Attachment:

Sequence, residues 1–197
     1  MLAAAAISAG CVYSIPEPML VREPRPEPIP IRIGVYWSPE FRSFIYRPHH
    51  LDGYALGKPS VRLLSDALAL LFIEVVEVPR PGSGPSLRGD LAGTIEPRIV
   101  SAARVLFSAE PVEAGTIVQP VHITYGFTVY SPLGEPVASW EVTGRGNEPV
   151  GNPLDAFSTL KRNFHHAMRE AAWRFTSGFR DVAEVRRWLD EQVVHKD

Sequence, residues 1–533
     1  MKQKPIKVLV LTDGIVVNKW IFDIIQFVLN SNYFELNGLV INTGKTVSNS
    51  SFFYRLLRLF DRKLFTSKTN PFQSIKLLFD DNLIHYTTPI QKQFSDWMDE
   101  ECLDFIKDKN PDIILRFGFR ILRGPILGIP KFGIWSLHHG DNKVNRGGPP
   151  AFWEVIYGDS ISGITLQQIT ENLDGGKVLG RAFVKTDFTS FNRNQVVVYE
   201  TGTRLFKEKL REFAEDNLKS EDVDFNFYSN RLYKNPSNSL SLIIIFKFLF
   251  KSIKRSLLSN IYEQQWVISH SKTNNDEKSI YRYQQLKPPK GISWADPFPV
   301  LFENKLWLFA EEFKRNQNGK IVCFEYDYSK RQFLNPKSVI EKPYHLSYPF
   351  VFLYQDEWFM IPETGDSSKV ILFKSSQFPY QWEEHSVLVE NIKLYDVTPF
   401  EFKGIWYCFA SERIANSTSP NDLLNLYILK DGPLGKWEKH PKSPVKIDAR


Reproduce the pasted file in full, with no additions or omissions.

Sequence, residues 1–197
     1  MLAAAAISAG CVYSIPEPML VREPRPEPIP IRIGVYWSPE FRSFIYRPHH
    51  LDGYALGKPS VRLLSDALAL LFIEVVEVPR PGSGPSLRGD LAGTIEPRIV
   101  SAARVLFSAE PVEAGTIVQP VHITYGFTVY SPLGEPVASW EVTGRGNEPV
   151  GNPLDAFSTL KRNFHHAMRE AAWRFTSGFR DVAEVRRWLD EQVVHKD

Sequence, residues 1–533
     1  MKQKPIKVLV LTDGIVVNKW IFDIIQFVLN SNYFELNGLV INTGKTVSNS
    51  SFFYRLLRLF DRKLFTSKTN PFQSIKLLFD DNLIHYTTPI QKQFSDWMDE
   101  ECLDFIKDKN PDIILRFGFR ILRGPILGIP KFGIWSLHHG DNKVNRGGPP
   151  AFWEVIYGDS ISGITLQQIT ENLDGGKVLG RAFVKTDFTS FNRNQVVVYE
   201  TGTRLFKEKL REFAEDNLKS EDVDFNFYSN RLYKNPSNSL SLIIIFKFLF
   251  KSIKRSLLSN IYEQQWVISH SKTNNDEKSI YRYQQLKPPK GISWADPFPV
   301  LFENKLWLFA EEFKRNQNGK IVCFEYDYSK RQFLNPKSVI EKPYHLSYPF
   351  VFLYQDEWFM IPETGDSSKV ILFKSSQFPY QWEEHSVLVE NIKLYDVTPF
   401  EFKGIWYCFA SERIANSTSP NDLLNLYILK DGPLGKWEKH PKSPVKIDAR